Retail outlets are closing up shop in the UK. UK banks are struggling to make sense of early stage or high risk investments – as they always have, and this is happening across the world.
At the same time Regional Development agencies are being closed and dismantled in the UK and the ‘free to present’ opportunities for entrepreneurs to meet business angels are due to be shut or ‘transferred’ in the next few months.
So, in this grim climate, can it really be said that the business angel investment sector is blooming?
I think so, and here’s why…
Firstly, government funded business link or regional business angel networks have delivered only a modest impact and any awareness they have created is likely to be quickly transferred into the private sector.
I recently ran an analysis on a regional ‘free to present’ business angel network and discovered that of the 30 or so business angels present, more than half were corporate finance professionals and only 2 or 3 could claim to be out-and-out business angels, that’s around 10% of the audience. No wonder that some entrepreneurs felt let down by this time consuming and expensive process (your time is your money, after all).
Don’t forget, in order to present, entrepreneurs are required to deliver a standard business plan. That is, an accountant’s view of how a mature business might look – which, as any business angel will tell you, is far too premature for most businesses looking for a £50k to £100k seed funding round.
Secondly, the banks have never played a role in early stage funding anyway. So, whilst the finance climate for established and growing businesses may have tightened, this hasn’t really affected the earlier end of business start ups.
Thirdly, the government sponsored networks – despite their soon to be gone status – has highlighted the value of business angel networks. Equally, having tried the ‘free’ route more and more entrepreneurs are better able to value the alternative ‘fee paying’ routes.
Fourthly, the new tax regime in the UK – generous incentives for successful entrepreneurs (which, as the Sunday Times pointed out, costs the UK treasury very little because so FEW entrepreneurs are able to claim it!!!), along with the 30% income tax credit for all money invested into growth businesses (under an approved EIS) is very attractive and will encourage more wealthy individuals to invest in start up companies – or at least the Venture Capital Trusts that make it a profession to pick minnows.
Another change is that successful entrepreneurs are exiting a share of their companies to take advantage of the entrepreneurs relief and then looking to plough this money back into new start up businesses.
Fifthly, a ‘wealthy individual’ is more clearly defined in the UK by the £100k higher rate of tax band. Paying 61.5% marginal tax on income earned between £100k and £113k means that these individuals will be looking for tax reducing strategies which will lead them closer to start ups.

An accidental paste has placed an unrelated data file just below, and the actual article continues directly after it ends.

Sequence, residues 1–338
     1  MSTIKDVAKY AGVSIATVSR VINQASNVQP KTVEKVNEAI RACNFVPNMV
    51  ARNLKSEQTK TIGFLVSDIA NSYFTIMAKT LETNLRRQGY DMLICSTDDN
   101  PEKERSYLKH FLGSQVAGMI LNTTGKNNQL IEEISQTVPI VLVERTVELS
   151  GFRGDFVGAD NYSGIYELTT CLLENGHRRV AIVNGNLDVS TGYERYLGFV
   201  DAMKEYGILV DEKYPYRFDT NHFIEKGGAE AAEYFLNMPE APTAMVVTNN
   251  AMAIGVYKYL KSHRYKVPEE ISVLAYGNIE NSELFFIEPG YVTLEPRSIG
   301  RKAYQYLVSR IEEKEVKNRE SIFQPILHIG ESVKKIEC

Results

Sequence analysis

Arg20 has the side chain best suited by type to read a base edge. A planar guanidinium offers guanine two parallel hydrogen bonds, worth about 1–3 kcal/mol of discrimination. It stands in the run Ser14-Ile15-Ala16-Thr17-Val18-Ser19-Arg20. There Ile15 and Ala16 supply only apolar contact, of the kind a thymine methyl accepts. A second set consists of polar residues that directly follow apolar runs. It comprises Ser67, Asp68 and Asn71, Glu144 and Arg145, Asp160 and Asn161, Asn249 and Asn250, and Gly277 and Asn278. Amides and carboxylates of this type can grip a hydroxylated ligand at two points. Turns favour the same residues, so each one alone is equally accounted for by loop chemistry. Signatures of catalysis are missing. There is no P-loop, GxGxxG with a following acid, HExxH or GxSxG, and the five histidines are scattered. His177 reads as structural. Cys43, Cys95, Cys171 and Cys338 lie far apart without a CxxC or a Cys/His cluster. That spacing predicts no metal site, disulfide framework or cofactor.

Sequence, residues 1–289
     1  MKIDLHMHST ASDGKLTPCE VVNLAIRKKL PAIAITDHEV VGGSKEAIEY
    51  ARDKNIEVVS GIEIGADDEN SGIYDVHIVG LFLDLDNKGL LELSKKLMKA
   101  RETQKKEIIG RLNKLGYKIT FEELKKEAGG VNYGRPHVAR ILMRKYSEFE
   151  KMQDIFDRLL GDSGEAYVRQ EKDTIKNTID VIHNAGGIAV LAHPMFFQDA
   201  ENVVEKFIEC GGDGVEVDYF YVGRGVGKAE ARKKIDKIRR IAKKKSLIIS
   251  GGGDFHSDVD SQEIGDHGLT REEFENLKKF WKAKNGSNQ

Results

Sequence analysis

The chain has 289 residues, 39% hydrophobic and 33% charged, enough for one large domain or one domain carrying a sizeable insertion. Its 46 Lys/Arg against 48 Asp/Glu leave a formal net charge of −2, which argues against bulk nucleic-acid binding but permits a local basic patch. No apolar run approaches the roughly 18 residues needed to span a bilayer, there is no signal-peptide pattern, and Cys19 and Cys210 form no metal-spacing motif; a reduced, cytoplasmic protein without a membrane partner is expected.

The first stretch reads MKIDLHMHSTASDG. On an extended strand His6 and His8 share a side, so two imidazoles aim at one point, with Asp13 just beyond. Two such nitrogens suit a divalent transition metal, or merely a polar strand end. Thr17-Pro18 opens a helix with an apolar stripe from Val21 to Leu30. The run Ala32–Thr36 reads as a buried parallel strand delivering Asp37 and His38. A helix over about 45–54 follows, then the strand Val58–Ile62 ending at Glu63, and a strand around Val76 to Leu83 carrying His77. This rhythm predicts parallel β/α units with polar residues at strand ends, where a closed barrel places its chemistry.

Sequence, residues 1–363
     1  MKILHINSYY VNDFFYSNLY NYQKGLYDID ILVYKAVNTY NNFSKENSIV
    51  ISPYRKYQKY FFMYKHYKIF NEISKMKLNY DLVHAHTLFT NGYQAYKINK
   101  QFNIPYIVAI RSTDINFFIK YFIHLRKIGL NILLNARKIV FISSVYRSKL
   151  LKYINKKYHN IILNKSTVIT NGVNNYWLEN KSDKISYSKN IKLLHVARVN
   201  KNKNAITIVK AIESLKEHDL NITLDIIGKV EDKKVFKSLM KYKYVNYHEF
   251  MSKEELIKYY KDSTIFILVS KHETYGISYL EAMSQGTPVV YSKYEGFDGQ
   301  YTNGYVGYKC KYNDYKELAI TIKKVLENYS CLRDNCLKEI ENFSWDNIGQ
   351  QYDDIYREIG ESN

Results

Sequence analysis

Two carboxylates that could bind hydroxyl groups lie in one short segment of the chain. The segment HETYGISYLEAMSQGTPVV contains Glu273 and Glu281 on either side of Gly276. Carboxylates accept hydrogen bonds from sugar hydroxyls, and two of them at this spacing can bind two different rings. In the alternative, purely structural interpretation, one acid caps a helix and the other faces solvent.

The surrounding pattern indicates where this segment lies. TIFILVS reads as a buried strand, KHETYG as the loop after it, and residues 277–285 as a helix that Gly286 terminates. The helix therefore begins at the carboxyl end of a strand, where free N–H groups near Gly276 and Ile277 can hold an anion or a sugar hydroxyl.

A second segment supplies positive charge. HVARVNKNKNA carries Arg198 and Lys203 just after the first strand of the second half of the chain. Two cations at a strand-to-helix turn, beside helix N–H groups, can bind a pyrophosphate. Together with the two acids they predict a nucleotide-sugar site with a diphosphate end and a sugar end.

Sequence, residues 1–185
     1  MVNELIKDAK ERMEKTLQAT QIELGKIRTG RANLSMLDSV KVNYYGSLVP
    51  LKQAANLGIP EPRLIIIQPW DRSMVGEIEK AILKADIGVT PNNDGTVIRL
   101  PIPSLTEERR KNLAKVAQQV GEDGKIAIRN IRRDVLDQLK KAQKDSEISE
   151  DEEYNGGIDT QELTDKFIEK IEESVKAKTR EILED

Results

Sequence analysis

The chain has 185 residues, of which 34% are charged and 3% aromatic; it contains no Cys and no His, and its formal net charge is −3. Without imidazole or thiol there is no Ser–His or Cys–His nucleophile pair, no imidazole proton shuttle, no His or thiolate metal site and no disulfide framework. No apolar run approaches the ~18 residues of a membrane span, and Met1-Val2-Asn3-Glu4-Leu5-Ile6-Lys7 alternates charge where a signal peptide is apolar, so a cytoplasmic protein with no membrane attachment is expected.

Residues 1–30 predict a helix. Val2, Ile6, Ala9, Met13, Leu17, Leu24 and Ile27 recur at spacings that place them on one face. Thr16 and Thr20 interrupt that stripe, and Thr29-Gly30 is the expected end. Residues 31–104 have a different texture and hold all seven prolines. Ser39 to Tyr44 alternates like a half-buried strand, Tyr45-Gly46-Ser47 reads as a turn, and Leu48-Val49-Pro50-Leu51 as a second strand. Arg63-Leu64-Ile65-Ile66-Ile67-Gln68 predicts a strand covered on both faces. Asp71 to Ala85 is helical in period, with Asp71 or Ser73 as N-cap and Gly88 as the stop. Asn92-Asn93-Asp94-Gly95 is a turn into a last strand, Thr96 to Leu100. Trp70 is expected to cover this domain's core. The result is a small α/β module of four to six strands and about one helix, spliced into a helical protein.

For instance, tax free ISAs can take up to £10,680 and pension contributions are now capped at £50k (down from £255k).
Therefore, more and more of these individuals will be looking at a substantial part of their income being taxed at 50% or more. What can they do? Well, early stage direct investments – as a business angel – or failing that, via a VCT is a smart tax strategy.
If they wrote a £100k cheque, they’d immediately get a £30k rebate from the tax man. 30% returns on day one – nice!
Sixthly, investors are sick of property and want an alternative investment which they can touch and feel.
Of course, for the past 20 years – since about 1991, many wealthy individuals have built up substantial property portfolios and profited very well. But this route too is now closed. Not only are property values tottering on a precipice and going to collapse or, more likely, simply crumble over a 5 to 10 year period, commercial property is looking less and less appealing too. Businesses which take offices are employing fewer people and subcontracting to freelancers more – so for the same turn over, fewer employees means smaller offices.
Equally, the retail end of commercial property (and logistics which supplies it) is going to have a horrid few years – massive growth in supply in the past 10 years coupled with collapsing demand and retail chains going bust is a recipe for massive losses on the side the property owners.
Don’t forget too, that with the new UK capital gains rules of 28% – up from just 10%, a capital gain is no longer so attractive compared to alternatives and hence property is out of favour.
Lastly, there are more and more ways to get involved. The business angel sector is evolving – with crowd sourcing options, angelsden (fun, chaotic and a bit like dating!), and formal networks offering different routes to invest. In addition, for those who don’t like the fun (thrill of the chase?) there are also the Venture Capital Trusts.